Dynamin-related Irgm proteins modulate LPS-induced caspase-4 activation and septic shock



Inflammation associated with gram-negative bacterial infections is often instigated by the bacterial cell wall component lipopolysaccharide (LPS). LPS-induced inflammation and resulting life-threatening sepsis are mediated by the two distinct LPS receptors TLR4 and caspase-4. Whereas the regulation of TLR4 activation by extracellular and phago-endosomal LPS has been studied in great detail, auxiliary host factors that specifically modulate recognition of cytosolic LPS by caspase-4 are largely unknown. This study identifies dynamin-related membrane remodeling proteins belonging to the family of Immunity related GTPases M clade (IRGM) as negative regulators of caspase-4 activation in macrophages. Phagocytes lacking expression of mouse isoform Irgm2 aberrantly activate caspase-4-dependent inflammatory responses when exposed to extracellular LPS, bacterial outer membrane vesicles or gram-negative bacteria. Consequently, Irgm2-deficient mice display increased susceptibility to caspase-4-mediated septic shock in vivo. This Irgm2 phenotype is partly reversed by the simultaneous genetic deletion of the two additional Irgm paralogs Irgm1 and Irgm3, indicating that dysregulated Irgm isoform expression disrupts intracellular LPS processing pathways that limit LPS availability for caspase-4 activation.






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Publication Info

Finethy, Ryan, Jacob Dockterman, Miriam Kutsch, Nichole Orench-Rivera, Graham Wallace, Anthony Piro, Sarah Luoma, Arun Haldar, et al. (2020). Dynamin-related Irgm proteins modulate LPS-induced caspase-4 activation and septic shock. 10.1101/2020.03.18.997460 Retrieved from https://hdl.handle.net/10161/26422.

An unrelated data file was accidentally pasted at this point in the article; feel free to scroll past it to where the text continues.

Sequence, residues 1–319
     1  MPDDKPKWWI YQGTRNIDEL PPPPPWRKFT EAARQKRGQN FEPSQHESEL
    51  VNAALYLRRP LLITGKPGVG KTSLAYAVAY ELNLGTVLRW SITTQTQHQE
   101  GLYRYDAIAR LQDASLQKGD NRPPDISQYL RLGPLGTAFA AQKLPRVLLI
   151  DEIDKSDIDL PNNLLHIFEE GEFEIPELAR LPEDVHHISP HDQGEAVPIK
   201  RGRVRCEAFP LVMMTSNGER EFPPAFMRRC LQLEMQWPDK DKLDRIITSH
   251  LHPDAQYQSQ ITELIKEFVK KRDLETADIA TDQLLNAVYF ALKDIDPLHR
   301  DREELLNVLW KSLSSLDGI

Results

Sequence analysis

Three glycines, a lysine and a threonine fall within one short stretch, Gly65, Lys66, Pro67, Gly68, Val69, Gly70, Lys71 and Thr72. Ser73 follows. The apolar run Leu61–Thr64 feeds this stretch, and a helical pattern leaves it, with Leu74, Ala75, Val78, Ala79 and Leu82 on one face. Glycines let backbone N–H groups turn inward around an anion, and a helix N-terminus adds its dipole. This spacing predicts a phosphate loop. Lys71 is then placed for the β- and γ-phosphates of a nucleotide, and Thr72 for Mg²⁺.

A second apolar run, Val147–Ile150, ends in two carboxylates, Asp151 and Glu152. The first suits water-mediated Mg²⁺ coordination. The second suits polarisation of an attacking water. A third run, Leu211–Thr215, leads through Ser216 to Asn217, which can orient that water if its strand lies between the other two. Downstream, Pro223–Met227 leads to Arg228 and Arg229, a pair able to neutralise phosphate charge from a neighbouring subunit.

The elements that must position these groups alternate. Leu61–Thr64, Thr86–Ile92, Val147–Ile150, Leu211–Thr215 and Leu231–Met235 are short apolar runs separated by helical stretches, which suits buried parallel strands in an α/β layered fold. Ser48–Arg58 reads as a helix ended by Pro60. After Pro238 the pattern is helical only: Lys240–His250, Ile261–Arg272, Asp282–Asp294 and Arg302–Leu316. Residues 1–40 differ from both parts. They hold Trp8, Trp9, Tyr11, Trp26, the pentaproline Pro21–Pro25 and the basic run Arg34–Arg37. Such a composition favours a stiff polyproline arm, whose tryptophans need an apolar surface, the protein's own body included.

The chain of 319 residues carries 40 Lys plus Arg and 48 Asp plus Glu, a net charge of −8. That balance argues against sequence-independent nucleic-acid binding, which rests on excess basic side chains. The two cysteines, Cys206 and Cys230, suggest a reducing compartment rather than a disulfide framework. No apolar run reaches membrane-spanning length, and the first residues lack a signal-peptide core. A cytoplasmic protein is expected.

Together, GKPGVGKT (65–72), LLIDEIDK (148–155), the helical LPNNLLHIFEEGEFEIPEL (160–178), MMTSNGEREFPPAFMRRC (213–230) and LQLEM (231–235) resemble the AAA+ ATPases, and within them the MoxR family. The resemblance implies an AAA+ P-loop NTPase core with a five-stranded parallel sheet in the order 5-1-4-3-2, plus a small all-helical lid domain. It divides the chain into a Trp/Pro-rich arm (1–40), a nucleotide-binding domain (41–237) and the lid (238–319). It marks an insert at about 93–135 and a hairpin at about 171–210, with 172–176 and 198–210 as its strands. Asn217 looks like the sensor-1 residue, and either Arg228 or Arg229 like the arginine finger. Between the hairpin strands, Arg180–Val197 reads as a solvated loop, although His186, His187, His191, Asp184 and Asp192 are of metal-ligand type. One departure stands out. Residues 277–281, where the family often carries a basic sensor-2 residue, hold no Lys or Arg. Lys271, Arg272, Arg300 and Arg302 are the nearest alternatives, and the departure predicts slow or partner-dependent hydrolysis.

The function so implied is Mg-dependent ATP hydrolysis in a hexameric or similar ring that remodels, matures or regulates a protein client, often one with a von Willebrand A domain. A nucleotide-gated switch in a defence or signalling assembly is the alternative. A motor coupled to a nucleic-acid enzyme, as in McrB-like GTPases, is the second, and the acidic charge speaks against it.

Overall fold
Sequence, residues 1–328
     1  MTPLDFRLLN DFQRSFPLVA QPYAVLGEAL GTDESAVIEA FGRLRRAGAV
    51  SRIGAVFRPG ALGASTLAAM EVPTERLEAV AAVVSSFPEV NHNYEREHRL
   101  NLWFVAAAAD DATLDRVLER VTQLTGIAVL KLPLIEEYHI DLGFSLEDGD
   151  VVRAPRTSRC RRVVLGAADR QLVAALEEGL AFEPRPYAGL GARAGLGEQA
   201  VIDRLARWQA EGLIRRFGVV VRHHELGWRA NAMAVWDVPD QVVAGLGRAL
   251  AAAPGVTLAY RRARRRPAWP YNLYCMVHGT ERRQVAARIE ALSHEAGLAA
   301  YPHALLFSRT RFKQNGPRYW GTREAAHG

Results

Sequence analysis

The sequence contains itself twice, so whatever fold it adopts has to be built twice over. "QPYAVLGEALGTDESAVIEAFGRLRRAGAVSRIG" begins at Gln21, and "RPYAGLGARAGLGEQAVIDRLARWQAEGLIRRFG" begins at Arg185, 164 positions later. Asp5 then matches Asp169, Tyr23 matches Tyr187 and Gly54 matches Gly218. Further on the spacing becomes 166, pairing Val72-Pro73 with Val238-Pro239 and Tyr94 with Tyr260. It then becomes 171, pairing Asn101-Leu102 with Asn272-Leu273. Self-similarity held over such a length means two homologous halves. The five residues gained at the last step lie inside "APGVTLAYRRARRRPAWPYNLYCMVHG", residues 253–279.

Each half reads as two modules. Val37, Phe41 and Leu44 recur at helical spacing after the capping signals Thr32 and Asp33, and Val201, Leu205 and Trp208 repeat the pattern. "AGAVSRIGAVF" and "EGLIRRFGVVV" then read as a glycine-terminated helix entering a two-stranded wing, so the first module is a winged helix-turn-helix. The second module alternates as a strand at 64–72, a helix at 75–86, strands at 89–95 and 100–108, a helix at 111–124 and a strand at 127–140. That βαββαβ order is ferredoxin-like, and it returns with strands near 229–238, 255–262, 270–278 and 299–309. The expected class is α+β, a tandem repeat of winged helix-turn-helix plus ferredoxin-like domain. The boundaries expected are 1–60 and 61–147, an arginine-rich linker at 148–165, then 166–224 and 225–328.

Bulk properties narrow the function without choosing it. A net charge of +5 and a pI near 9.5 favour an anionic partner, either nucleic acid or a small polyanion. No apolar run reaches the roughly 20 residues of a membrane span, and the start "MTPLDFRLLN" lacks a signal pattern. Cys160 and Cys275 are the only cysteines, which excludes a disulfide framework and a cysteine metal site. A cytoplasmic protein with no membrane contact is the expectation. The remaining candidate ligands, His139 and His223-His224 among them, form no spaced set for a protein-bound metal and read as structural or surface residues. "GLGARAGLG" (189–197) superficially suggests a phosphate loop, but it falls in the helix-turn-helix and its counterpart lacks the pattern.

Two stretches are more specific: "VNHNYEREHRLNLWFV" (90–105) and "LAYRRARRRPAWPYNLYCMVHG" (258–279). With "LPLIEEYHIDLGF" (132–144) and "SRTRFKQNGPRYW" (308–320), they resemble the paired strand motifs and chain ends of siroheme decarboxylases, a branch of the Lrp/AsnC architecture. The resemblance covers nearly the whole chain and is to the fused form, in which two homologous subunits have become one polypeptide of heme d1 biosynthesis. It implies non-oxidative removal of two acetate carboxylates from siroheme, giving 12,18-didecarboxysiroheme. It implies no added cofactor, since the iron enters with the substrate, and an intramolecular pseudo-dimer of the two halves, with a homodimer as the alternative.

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Margarethe Joanna Kuehn

Associate Professor of Biochemistry

Enterotoxigenic E. coli (ETEC) causes traveler's diarrhea and infant mortality in underdeveloped countries, and Pseudomonas aeruginosa is an opportunistic pathogen for immunocompromised patients. Like all gram negative bacteria studied to date, ETEC and P. aeruginosa produce small outer membrane vesicles that can serve as delivery "bombs" to host tissues. Vesicles contain a subset of outer membrane and soluble periplasmic proteins and lipids. In tissues and sera of infected hosts, vesicles have been observed to bud from the pathogen and come in close contact with epithelial cells. Despite their association with disease, the ability of pathogenic bacteria to distribute an arsenal of virulence factors to the host cells via vesicles remains relatively unexplored.

In our lab, we focus on the genetic, biochemical and functional features of bacterial vesicle production. Using a genetic screen, we have identified genes essential in the vesiculation process, we have identified specific proteins that are enriched in vesicles, and we have identified critical molecules that govern the internalization of vesicles into host cells. Using biochemical analysis of purified vesicles from cell-free culture supernatants, we have found that heat-labile enterotoxin, an important virulence factor of ETEC, is exported from the cells bound to the external surface of vesicles. Presented in this context, it is able to mediate the entry of the entire ETEC vesicle into human colorectal tissue culture cells. We have also discovered that the ability of vesicles to bind to specific cell types depends on their strain of origin: for example, P. aeruginosa vesicles produced by a strain that was cultured from the lungs of a patient with Cystic Fibrosis adhered better to lung than to gut epithelial cells, whereas a strain that was isolated from sera showed no such preference for lung cells. The vesicles stimulate epithelial cells and macrophages to elicit a cytokine response that is distinct from that of LPS (a major component of the vesicles) alone.